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From: David B. Held (dheld_at_[hidden])
Date: 2002-08-01 14:26:40

I have seen the analysis of MPL which compares imperative vs. functional,
but I would like to offer a different view. The imperative vs. functional
looks at the form of metaprogramming, but not necessarily the features.
Ultimately, you can do essentially the same thing in either paradigm. I
think the more important distinction is between concrete and generic
programming. Consider this hierarchy instead:

    Concrete Explicit types
    Generic Implicit types
    Concrete Explicit metatypes (e.g. dot-lists)
    Generic Implicit metatypes (e.g. MPL iterators)

As far as I can tell, the argument so far goes: "We don't need generic
metaprogramming, and it costs more, so let's cut the fat". I agree that
demands for generic metaprogramming are probably few and far
between. But I don't think that's MPL's fault. Rather, I would say that it
is simply a library born out of time. I think it's so far ahead of its time
that we haven't even figured out how to harness its power.

Someone once said of Superstring theory that: "It's a 21th century
theory dropped into our laps in the 20th century". The problem is that
for the first time since Newton, physics has outstripped the pace of
mathematics, and math has to catch up. Perhaps it's a bit optimistic,
but can I suggest that MPL: "is a 21st century programming paradigm
dropped into 20th century laptops"?

I'll be the first to admit that I have a hard time thinking in meta-
programming terms. Writing generic code is easy. When you see
something repetitive, you look for ways to abstract the type. Knowing
*when* to do metaprogramming is also easy. When you can make a
decision that does not depend on runtime behaviour, try to write
metacode. Knowing *how* to do that is hard. But there's an even
bigger problem.

Templates were originally designed to ease the burden of repetitive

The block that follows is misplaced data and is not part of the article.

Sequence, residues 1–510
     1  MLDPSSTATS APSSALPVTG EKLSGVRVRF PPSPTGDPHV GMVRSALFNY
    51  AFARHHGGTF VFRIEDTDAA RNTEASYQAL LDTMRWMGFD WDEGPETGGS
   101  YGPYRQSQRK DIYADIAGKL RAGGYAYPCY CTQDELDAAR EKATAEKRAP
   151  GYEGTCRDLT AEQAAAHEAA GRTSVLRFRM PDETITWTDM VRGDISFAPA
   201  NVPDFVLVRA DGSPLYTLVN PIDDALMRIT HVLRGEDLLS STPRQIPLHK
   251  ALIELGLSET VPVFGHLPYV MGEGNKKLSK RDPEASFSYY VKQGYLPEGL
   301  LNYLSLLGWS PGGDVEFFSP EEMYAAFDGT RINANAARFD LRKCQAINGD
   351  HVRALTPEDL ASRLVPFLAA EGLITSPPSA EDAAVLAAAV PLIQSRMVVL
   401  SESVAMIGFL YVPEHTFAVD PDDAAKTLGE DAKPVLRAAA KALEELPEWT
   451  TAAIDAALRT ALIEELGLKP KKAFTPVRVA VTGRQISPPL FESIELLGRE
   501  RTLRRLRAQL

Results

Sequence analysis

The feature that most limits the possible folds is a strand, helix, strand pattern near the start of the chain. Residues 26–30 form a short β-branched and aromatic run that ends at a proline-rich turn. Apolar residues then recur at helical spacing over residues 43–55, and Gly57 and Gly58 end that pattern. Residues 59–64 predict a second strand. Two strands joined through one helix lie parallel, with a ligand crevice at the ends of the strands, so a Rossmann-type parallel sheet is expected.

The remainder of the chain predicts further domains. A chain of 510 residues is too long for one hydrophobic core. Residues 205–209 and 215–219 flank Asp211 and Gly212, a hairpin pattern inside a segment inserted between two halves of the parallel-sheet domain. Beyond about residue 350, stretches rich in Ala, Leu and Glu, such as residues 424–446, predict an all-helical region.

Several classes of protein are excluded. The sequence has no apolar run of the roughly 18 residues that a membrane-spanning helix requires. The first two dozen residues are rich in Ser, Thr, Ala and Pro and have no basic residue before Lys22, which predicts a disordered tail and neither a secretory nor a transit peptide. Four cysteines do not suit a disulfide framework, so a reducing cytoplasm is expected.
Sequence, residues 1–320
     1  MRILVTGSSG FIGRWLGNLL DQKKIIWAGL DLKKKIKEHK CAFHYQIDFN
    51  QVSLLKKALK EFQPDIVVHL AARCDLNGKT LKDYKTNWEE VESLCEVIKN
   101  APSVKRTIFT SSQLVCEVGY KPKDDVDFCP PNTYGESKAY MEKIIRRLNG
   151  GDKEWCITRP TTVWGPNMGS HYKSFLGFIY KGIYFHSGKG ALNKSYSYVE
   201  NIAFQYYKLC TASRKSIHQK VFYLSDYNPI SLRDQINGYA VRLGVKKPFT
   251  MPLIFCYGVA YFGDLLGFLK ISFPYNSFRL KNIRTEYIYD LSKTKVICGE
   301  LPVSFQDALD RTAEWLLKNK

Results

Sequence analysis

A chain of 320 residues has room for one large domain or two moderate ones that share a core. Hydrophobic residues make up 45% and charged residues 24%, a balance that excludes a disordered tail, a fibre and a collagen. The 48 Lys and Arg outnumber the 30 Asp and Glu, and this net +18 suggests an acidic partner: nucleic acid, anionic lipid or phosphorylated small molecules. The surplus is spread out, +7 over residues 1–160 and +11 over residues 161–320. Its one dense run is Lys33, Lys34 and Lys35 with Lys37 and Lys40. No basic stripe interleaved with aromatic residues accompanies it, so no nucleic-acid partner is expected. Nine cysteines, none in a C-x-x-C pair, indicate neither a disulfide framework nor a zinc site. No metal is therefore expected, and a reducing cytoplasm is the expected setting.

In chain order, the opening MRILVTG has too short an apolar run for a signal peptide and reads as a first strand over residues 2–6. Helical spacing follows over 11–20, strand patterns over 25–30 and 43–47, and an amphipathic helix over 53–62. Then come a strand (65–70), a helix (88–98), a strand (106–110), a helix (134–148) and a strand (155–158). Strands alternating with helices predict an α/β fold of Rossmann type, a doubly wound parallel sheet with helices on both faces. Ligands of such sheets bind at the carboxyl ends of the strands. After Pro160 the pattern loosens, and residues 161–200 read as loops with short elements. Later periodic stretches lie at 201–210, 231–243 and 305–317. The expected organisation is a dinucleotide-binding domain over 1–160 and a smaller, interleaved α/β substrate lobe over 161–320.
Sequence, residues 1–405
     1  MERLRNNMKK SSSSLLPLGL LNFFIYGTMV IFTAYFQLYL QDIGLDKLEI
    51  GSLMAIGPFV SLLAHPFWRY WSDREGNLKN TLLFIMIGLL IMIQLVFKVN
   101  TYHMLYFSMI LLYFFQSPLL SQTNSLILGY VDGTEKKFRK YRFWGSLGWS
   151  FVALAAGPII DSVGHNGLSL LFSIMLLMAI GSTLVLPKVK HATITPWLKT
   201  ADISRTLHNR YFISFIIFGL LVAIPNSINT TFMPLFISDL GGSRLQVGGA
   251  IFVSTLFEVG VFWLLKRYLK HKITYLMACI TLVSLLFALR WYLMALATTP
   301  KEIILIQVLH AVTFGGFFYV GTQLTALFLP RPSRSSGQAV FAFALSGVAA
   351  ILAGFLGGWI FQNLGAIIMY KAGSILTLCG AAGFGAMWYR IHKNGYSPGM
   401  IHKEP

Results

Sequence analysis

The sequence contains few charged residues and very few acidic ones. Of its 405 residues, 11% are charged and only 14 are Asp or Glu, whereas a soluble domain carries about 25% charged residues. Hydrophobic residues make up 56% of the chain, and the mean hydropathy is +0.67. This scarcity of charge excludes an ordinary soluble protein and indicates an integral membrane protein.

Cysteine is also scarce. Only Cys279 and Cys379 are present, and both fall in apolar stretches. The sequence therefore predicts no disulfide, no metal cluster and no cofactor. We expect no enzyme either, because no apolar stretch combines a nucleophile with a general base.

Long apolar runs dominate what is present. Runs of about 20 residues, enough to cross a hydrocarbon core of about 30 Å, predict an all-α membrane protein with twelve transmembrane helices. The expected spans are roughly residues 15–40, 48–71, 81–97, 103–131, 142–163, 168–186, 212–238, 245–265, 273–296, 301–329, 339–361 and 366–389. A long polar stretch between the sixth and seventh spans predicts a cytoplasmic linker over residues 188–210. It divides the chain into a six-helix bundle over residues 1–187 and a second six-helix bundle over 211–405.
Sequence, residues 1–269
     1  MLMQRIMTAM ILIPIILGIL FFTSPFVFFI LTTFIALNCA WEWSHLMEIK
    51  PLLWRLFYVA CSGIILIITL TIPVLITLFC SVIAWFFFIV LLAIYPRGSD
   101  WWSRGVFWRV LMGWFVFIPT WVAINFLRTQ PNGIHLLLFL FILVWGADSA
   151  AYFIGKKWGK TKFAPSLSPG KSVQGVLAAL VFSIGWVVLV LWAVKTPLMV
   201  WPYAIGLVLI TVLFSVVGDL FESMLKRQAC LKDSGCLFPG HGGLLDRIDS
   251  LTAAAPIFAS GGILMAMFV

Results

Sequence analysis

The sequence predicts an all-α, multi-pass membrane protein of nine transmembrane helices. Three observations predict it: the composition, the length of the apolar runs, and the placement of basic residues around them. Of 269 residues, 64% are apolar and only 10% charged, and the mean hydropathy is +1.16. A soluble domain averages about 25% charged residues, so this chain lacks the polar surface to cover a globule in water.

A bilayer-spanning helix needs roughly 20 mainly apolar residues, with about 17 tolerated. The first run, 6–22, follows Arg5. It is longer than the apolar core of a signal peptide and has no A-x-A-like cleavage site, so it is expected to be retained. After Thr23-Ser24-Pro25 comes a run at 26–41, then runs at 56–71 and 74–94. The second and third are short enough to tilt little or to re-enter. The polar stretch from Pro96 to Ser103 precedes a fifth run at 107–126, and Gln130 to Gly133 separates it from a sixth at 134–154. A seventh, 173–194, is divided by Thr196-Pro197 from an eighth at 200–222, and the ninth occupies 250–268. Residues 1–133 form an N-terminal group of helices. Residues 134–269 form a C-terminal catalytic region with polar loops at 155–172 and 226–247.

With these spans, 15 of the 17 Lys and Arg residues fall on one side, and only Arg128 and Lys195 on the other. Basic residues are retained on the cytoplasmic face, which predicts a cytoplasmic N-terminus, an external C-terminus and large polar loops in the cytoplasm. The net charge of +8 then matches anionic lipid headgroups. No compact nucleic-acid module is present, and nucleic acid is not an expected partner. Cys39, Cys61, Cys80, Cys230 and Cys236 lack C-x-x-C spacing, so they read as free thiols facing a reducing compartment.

code, and it didn't take long to see that the million different versions
of linked lists could be abstracted into a single generic type. Similarly,
meta-templates (if I may invent a term) are designed to ease the
burden of repetitive meta-code. However, there just isn't enough meta-
code in the world to make it obvious that we need a meta-generic
linked list. Obviously, part of that problem is that it's hard enough to
just write a meta-concrete linked list (I can probably count the number
of people I can name that know how to do this on a few hands).

Now, I think that MPL will help the situation in two ways. First, I think
it will make it easier to write concrete metatypes. And second, as
we get more experience in the metaprogramming world, we will
eventually recognize repetition that can be eliminated by generic
metaprogramming. And lucky for us, MPL will already be there. But
it is not at all suprising to me that the demand for generic
metaprogramming is being sought and not found. I personally do not
think that compile times are a sufficiently scarce resource to motivate
the design of MPL. I think that MPL is important for a much bigger
reason: I think it is a design that we will "grow into" only after much
experience with metaprogramming. When the average "trench coder"
can write metacode as easily as Bubble Sort, the value of MPL will
become as obvious as the value of the STL is today. Unfortunately,
the true value of MPL probably *won't* become obvious *until* that


P.S. In the mean time, since MPL has dot-style lists, I don't see why
people can't use those as the concrete metaprogramming subset of
MPL. I see it like using std::string, instead of std::basic_string<>.

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